Be aware that if you changed your car’s tires to snow and ice tires for the winter, then it’s best for you to change them back to general-use tires when the worst of the cold weather has passed. You should still check the spring tires you’re fitting, though, to be sure they haven’t deteriorated in storage.
Make sure your lights are bright enough
Shorter days and worse weather conditions mean you’ll have been relying on your car’s lights more over winter, so you should make sure they haven’t worn out or gone dim. Start by thoroughly cleaning the light casings on your headlights, brake lights, indicators, and other exterior lights, then check they haven’t gone dim. If they aren’t bright enough, change the bulbs.
Check your engine oil and other fluids
Now it’s time to get under the hood. Start by changing your engine oil – it’s important to do this on a fairly regular basis to keep your engine healthy, as the oil picks up impurities over time and deteriorates with age, meaning it can affect engine performance if left unchanged. You should change the engine oil filters at the same time, especially if you notice they’re clogged or damaged.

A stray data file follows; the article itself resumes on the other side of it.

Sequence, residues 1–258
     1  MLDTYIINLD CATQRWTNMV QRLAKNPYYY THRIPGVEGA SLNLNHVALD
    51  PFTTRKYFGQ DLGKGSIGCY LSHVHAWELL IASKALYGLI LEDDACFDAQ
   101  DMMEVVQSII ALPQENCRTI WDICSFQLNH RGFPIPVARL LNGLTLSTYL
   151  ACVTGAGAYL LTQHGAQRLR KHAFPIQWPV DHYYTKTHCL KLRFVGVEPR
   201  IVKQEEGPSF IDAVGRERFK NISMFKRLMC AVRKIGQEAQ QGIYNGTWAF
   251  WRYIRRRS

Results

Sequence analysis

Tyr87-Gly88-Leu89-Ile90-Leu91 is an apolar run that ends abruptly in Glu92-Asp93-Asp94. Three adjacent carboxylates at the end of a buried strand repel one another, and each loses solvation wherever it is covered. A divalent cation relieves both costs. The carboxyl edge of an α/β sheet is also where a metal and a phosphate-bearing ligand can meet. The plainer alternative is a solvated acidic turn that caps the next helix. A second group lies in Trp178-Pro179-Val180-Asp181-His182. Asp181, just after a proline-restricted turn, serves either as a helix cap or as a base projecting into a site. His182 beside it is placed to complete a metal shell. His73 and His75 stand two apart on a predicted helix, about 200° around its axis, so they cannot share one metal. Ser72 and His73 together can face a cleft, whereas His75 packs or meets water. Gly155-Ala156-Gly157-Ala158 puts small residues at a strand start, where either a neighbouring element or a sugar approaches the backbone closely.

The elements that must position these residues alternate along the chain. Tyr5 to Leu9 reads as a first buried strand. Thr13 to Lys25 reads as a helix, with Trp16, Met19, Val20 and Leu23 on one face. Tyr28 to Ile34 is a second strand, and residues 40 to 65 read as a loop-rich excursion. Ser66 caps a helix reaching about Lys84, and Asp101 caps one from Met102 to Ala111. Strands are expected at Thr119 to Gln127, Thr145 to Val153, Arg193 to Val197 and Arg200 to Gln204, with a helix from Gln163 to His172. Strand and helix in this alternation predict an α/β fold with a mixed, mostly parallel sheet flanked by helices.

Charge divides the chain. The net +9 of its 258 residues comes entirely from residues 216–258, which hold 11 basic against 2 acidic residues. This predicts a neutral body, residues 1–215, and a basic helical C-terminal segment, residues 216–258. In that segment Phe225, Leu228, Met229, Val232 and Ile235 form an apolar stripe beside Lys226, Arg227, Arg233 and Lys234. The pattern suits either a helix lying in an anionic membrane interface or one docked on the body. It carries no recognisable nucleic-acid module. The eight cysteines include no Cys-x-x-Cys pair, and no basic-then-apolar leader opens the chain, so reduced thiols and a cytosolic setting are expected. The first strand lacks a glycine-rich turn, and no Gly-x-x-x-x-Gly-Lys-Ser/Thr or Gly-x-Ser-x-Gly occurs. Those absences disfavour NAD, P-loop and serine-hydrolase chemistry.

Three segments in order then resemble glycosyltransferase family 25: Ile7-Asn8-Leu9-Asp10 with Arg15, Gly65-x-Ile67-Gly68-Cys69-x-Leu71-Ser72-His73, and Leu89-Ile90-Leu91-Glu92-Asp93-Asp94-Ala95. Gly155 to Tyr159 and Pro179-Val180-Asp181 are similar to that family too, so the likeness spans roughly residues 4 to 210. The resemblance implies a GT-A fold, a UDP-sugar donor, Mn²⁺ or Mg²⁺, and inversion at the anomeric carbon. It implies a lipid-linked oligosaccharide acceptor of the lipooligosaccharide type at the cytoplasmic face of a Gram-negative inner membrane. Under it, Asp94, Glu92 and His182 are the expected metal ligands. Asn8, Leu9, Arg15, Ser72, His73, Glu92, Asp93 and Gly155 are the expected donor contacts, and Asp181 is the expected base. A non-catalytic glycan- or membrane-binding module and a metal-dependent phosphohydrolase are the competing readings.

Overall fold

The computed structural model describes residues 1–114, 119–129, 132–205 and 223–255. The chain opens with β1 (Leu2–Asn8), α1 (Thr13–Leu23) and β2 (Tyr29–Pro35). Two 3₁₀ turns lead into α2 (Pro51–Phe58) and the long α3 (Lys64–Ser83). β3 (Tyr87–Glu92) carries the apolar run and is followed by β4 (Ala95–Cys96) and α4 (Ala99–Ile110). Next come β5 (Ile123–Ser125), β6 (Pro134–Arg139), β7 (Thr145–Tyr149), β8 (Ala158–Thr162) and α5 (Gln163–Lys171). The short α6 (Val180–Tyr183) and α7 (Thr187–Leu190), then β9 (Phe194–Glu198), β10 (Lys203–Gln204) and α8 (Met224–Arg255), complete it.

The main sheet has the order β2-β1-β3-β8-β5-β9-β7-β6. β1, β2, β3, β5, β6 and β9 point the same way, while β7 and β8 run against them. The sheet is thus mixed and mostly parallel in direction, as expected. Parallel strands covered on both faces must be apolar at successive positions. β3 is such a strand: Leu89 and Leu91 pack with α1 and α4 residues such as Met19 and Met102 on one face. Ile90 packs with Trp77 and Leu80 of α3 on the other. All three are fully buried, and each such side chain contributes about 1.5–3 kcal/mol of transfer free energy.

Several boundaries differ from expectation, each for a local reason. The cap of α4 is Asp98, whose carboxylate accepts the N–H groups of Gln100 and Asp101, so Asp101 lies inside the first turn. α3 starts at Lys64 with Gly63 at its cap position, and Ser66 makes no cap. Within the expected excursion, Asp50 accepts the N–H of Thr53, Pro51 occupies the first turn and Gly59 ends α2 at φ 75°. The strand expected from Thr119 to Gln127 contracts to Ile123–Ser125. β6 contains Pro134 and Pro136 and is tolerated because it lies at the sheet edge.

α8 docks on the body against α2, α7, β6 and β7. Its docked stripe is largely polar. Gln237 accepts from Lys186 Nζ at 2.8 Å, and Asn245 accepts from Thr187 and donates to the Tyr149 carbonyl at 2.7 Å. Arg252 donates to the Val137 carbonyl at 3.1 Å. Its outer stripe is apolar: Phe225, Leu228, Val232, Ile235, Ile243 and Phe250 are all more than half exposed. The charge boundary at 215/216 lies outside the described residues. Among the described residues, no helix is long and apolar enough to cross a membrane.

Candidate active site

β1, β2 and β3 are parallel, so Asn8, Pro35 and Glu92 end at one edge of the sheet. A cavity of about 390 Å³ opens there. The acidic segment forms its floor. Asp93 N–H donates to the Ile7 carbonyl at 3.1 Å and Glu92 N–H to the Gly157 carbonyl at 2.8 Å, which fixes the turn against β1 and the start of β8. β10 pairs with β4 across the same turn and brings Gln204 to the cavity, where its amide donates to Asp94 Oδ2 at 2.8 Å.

While you’re there, check other fluid levels, such as for the power steering, brakes, and transmission. These shouldn’t need topping up too much, so if they’re deficient, then it could be a sign there’s a leak somewhere. Finally, add more windshield washing fluid since spring will bring all sorts of insects with it, which are bound to get splatted against your windshield before too long.
Test and recharge your car battery
As with your tires, cold weather can be bad for your battery. The chemical reactions that allow the battery to maintain charge are slowed down by cold weather, meaning it’s probably lost a lot of its charge over winter. Test your battery and recharge it to the recommended level; if it’s older than five years, you should start thinking about replacing it completely, as it will begin to deteriorate more and more from that point.